After many weeks spent gnawing on his nails in Catalonia, Luis Suarez must now accept the reality of his four-month worldwide ban after the Court of Arbitration of Sport (CAS) upheld Fifa’s decision.
The ruling will serve as a disappointment to Suarez and his lawyer Daniel Cravos, who maintained an ultra-confident stance throughout the appeal, insisting that the Uruguay star would see the length of his ban halved.
At the very least, Suarez can take solace from the fact that he is now allowed to train with his new club Barcelona before returning to action on 25 October; the world of football (especially his opposing numbers in La Liga) will be praying he has learnt his lesson.
Suarez was handed the ban by Fifa’s disciplinary body for biting Italy’s Giorgio Chiellini during a World Cup match between Uruguay and Italy, as well as nine-game ban at international level. Yes, you read correctly: biting. And it wasn’t his first offence either.
When playing in the Netherlands for Ajax back in November 2010, the striker bit the shoulder of PSV Eindhoven midfielder Otman Bakkal following a brawl between the two sides. The referee sent him off and subsequently, Suarez was given a seven-match ban. History repeated itself in April 2013 when the Liverpool striker, unprovoked, bit the arm of Chelsea defender Branislav Ivanovic. He was not sent off, but given a retrospective 10-game ban by the FA.
Let’s be clear. Things happen in the heat of the moment on a football pitch; a petulant kick, a small instance of handbags or even an ugly two-footed tackle are stupid, but it happens. However, there was no defence for this kind of behaviour - even Suarez knew that. Or so we thought.
Perhaps the only thing more pathetic than this savage, animalistic act was his initial defence, which he submitted to Fifa’s disciplinary panel: “After the impact [of the collision] I lost my balance, making my body unstable and falling on top of my opponent. At that moment I hit my face against the player, leaving a small bruise on my cheek and a strong pain in my teeth.” A denial such as this borders on the delusional and it was suggested during his ban, Suarez would require some form of professional help before he could play again.
World Cup fans pose with Luis Suarez advert
The concerning aspect of this is that each time, Suarez attempted to appear sincere with his apology. He took to Twitter the same day as when he bit Ivanovic, claiming he was “sad” for what happened and begged for redemption for his “inexcusable” behaviour. Likewise, he eventually issued a statement apologising to Chiellini, although media reports suggest Barcelona ordered as part of the deal to sign him. But like a cheating partner, how can you trust he won’t do it again?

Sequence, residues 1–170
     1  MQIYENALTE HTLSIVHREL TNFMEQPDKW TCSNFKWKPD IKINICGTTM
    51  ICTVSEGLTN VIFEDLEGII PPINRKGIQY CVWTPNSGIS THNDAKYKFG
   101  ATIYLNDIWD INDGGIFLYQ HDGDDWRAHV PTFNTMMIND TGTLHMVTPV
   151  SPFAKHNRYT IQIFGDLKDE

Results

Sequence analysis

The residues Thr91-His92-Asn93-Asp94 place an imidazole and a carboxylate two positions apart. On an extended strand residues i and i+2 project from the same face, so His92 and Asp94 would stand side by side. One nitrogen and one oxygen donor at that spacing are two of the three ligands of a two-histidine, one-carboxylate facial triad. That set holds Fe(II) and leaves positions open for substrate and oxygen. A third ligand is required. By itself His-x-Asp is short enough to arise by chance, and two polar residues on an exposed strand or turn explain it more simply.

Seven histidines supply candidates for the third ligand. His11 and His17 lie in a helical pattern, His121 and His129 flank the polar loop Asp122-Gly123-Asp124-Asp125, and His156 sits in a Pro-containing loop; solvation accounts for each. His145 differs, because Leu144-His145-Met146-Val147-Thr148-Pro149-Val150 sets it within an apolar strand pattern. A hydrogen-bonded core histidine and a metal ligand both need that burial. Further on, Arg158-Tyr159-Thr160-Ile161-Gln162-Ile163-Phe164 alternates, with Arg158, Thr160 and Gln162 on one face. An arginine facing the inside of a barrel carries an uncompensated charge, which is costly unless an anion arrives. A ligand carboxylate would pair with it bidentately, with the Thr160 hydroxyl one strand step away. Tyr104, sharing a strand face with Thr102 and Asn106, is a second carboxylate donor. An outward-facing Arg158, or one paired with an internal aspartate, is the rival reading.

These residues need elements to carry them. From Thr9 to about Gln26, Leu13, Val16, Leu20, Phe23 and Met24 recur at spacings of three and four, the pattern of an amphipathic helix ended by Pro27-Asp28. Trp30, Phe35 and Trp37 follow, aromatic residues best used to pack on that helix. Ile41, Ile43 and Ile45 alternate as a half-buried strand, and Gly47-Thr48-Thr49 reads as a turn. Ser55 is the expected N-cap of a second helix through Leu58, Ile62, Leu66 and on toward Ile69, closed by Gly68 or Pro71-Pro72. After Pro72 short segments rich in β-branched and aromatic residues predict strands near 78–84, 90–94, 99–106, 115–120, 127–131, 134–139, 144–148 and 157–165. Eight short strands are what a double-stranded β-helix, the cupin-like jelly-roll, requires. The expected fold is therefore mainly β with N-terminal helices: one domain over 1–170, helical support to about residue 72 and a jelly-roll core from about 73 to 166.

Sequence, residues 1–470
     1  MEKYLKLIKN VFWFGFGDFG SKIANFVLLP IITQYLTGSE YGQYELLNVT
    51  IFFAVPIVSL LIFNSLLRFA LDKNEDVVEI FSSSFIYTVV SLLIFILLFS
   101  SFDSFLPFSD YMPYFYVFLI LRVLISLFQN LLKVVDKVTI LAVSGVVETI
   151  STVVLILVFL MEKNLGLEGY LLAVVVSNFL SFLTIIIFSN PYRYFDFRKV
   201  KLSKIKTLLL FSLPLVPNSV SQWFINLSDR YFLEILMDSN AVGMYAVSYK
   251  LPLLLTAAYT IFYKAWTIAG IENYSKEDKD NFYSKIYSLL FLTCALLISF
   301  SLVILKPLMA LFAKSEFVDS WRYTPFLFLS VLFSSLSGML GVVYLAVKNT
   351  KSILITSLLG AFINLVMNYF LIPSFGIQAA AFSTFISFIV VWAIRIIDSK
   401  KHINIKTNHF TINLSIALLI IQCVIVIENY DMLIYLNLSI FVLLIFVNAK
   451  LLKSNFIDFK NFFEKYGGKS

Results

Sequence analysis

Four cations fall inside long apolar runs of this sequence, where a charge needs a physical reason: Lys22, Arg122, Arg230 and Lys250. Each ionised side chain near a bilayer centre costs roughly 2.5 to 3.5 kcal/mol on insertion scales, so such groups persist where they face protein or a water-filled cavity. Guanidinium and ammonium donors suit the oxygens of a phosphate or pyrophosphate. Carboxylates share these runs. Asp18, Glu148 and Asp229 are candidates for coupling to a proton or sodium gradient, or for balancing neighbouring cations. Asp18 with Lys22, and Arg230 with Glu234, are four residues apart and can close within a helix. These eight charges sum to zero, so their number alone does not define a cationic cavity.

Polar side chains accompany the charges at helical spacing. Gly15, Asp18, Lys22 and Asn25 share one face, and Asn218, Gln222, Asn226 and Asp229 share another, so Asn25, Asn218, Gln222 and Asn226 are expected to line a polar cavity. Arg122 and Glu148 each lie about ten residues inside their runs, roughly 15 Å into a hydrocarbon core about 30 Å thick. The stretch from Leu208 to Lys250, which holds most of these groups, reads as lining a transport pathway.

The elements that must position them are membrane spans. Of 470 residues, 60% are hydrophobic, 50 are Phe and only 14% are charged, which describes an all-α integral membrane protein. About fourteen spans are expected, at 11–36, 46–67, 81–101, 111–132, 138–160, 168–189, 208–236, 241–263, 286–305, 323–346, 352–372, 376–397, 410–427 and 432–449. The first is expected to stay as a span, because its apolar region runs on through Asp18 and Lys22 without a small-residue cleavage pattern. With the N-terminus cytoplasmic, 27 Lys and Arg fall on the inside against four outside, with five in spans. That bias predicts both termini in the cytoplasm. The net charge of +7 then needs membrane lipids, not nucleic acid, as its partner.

Rather like Ivanovic, Chiellini – the latest player to be bitten by Suarez – sympathised with Suarez’s apology and pleaded with Fifa to reduce his sentence. Probably not because he believed the incident had been blown out of proportion, but simply because the Italian felt sorry for him.
Liverpool fans forgave him the second time, but others were determined not to be fooled twice. Bakkal, the first player bitten by Suarez, said: “At the time, Suarez said it was a one-off gesture, but now he's repeated it. In those years, he has not learnt his lesson.”
Evidently, he hadn’t, because just 14 months later he was at it again.
When I heard several of my colleagues shrieking: “He’s done it again! Suarez bit him!” I wasn’t even surprised. I was saddened. Luis Suarez is an incredible, wonderfully-talented player – it’s certainly not an exaggeration to mention him in the same breath as Lionel Messi or Cristiano Ronaldo – and it’s a huge shame to see him waste away his career in this manner. His disgraceful actions will ensure that his reputation will forever remain tarnished, regardless of what he achieves on the pitch. And now out of action until October, he only has himself to blame.
But should the ban have been even longer? Players who test positive for taking banned drug substances can receive a one-year worldwide ban. Slightly different, granted, but given that Suarez is a repeat offender in terms of physical violence, is it fair to suggest the four-month ban is still too lenient? A year out of the sport for attempting to gain an advantage, but only four months for purposely inflicting physical damage on another opponent. You wonder where the rule makers’ priorities lie.
For all of their soft decisions in the past, Fifa are finally beginning to show they are facing up to the problematic figures in the sport by making an example of Suarez with the strong force of the four-month ban, although he never should have been denied the opportunity to train.
Ultimately, the CAS have struck the right balance with their decision. Reducing his ban would not have helped Luis Suarez, it would have hindered him, but then maybe he doesn’t want to learn his lesson after all.